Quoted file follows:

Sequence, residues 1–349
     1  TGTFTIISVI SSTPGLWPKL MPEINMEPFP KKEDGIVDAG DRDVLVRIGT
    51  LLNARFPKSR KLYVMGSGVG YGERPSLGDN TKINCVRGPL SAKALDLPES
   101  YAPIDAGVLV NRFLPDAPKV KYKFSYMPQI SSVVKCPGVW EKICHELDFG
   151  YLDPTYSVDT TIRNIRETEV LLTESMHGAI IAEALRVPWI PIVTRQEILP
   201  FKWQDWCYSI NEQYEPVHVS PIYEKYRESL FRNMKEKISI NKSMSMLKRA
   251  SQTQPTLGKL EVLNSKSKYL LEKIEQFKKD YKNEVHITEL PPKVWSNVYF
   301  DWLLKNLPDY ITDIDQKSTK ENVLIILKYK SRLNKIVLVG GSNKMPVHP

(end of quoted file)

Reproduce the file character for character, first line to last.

Sequence, residues 1–349
     1  TGTFTIISVI SSTPGLWPKL MPEINMEPFP KKEDGIVDAG DRDVLVRIGT
    51  LLNARFPKSR KLYVMGSGVG YGERPSLGDN TKINCVRGPL SAKALDLPES
   101  YAPIDAGVLV NRFLPDAPKV KYKFSYMPQI SSVVKCPGVW EKICHELDFG
   151  YLDPTYSVDT TIRNIRETEV LLTESMHGAI IAEALRVPWI PIVTRQEILP
   201  FKWQDWCYSI NEQYEPVHVS PIYEKYRESL FRNMKEKISI NKSMSMLKRA
   251  SQTQPTLGKL EVLNSKSKYL LEKIEQFKKD YKNEVHITEL PPKVWSNVYF
   301  DWLLKNLPDY ITDIDQKSTK ENVLIILKYK SRLNKIVLVG GSNKMPVHP